Iv-F Evaluating Against Current State-Of-The-Art Defenses

We now evaluate our attacks against the current state-of-the-art backdoor defenses. Backdoor defenses can be classified into the following two categories, data-based defenses and model-based defenses. On one hand, data-based defenses focus on identifying if a given input is clean or contains a trigger. On the other hand, model-based defenses focus on identifying if a given model is clean or backdoored.

We first evaluate our attacks against model-based defenses, then we evaluate them against data-based ones.


Model-based Defense: We evaluate all of our dynamic backdoor techniques in the multiple target label case against two of the current state-of-the-art model-based defenses, namely, Neural Cleanse [47] and ABS [21].

We start by evaluating the ABS defense. We use the CIFAR-10 dataset to evaluate this defense, since it is the only supported dataset by the published defense model. As expected, running the ABS model against our dynamic backdoored ones does not result in detecting any backdoor for all of our models.

For Neural Cleanse, we use all three datasets to evaluate our techniques against it. Similar to ABS, all of our models are predicted to be clean models. Moreover, in multiple cases, our models had a lower anomaly index (the lower the better) than the clean model.

We believe that both of these defenses fail to detect our backdoors for two reasons. First, we break one of their main assumption, i.e., that the triggers are static in terms of location and pattern. Second, we implement a backdoor for all possible labels, which makes the detection a more challenging task.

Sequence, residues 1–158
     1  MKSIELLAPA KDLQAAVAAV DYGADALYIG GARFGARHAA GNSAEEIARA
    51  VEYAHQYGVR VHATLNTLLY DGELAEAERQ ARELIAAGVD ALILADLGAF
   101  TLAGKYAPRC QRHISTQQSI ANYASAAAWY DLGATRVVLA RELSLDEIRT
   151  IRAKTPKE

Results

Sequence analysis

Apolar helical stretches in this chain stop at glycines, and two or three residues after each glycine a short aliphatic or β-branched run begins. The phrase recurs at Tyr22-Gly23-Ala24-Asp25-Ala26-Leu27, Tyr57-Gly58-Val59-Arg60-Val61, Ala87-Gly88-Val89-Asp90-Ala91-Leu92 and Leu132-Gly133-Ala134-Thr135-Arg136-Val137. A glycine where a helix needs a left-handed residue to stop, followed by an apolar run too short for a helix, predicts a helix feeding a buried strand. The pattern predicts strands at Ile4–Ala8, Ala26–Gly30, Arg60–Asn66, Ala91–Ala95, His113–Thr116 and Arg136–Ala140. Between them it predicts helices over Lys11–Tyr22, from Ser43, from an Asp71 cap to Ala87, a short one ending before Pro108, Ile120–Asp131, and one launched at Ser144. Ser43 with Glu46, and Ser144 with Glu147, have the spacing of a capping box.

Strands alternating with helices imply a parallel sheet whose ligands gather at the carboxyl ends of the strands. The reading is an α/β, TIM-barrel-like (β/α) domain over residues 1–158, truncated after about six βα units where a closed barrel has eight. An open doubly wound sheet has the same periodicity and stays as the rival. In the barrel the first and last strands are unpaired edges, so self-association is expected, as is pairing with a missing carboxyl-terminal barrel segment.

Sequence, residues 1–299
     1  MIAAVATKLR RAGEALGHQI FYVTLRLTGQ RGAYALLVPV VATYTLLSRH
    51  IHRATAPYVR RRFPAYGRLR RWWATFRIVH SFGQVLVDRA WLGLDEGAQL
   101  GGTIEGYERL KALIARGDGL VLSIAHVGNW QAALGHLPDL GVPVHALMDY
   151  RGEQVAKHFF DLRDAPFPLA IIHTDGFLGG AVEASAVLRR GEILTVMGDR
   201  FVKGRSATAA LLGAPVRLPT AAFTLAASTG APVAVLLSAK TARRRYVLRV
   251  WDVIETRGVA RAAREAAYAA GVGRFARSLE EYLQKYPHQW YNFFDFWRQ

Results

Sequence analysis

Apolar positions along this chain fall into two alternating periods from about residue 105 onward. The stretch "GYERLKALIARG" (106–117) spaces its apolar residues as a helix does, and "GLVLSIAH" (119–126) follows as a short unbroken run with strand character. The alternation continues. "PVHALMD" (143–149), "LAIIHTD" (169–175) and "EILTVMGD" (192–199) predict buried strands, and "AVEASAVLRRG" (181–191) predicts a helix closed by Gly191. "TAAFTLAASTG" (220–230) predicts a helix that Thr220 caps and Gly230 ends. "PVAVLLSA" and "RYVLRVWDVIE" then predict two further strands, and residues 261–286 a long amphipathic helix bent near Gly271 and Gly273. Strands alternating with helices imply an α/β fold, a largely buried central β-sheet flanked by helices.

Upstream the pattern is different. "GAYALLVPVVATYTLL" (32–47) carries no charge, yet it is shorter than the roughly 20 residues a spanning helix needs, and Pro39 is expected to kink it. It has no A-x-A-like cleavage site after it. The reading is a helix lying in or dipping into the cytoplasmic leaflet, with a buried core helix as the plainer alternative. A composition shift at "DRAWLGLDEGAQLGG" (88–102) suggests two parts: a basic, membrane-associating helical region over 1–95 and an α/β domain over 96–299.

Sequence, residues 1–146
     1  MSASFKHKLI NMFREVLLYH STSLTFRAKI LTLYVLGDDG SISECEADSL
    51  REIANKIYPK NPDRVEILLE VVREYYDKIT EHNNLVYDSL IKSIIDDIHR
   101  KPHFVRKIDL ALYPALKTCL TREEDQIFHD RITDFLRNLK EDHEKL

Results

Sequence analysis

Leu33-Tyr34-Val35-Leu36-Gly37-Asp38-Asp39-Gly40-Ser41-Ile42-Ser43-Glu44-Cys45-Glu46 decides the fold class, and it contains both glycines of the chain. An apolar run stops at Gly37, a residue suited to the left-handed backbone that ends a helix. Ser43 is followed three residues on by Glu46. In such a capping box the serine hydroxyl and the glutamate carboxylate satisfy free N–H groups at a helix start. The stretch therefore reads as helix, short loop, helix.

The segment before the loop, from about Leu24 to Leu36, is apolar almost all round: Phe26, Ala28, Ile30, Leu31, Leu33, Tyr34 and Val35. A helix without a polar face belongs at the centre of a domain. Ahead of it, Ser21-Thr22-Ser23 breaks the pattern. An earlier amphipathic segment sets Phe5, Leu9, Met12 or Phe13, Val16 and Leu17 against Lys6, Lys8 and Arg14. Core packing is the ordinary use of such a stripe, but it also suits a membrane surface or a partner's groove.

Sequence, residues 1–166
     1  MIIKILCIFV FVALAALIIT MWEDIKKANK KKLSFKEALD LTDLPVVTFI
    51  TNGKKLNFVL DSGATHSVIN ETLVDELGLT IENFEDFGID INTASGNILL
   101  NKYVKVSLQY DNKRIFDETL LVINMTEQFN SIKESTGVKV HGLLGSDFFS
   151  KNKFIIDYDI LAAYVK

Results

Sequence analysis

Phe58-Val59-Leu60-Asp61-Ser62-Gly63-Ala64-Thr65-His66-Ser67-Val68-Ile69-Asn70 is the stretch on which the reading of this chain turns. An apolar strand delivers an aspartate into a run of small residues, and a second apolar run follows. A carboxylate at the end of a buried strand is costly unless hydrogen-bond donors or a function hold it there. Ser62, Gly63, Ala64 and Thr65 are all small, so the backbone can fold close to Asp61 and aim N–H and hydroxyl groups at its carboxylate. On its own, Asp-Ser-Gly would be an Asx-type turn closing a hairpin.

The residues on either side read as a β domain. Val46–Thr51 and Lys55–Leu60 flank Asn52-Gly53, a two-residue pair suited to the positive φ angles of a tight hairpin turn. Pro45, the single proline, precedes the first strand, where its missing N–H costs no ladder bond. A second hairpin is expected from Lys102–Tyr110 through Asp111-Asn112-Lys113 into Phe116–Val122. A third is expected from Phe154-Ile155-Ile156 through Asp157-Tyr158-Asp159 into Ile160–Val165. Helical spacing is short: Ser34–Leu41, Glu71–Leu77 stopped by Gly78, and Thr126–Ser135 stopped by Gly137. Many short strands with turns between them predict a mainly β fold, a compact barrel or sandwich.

Data-based Defense: Next, we evaluate the current state-of-the-art data-based defense, namely, STRIP [10]. STRIP tries to identify if a given input is clean or contains a trigger. It works by creating multiple images from the input image by fusing it with multiple clean images one at a time. Then STRIP applies all fused images to the target model and calculates the entropy of predicted labels. Backdoored inputs tend to have lower entropy compared to the clean ones.

We use all of our three datasets to evaluate the c-BaN models against this defense. First, we scale the patterns by half while training the backdoored models, to make them more susceptible to changes. Second, for the MNIST dataset, we move the possible locations to the middle of the image to overlap with the image content, since the value of the MNIST images at the corners are always 0. All trained scaled backdoored models achieve similar performance to the non-scaled backdoored models.

(a) CIFAR-10
(b) MNIST
(c) CelebA
Fig. 10: The histogram of the entropy of the backdoored vs clean input, for our best performing labels against the STRIP defense, for the CIFAR-10 ((a)), MNIST ((b)), and CelebA ((c)) datasets.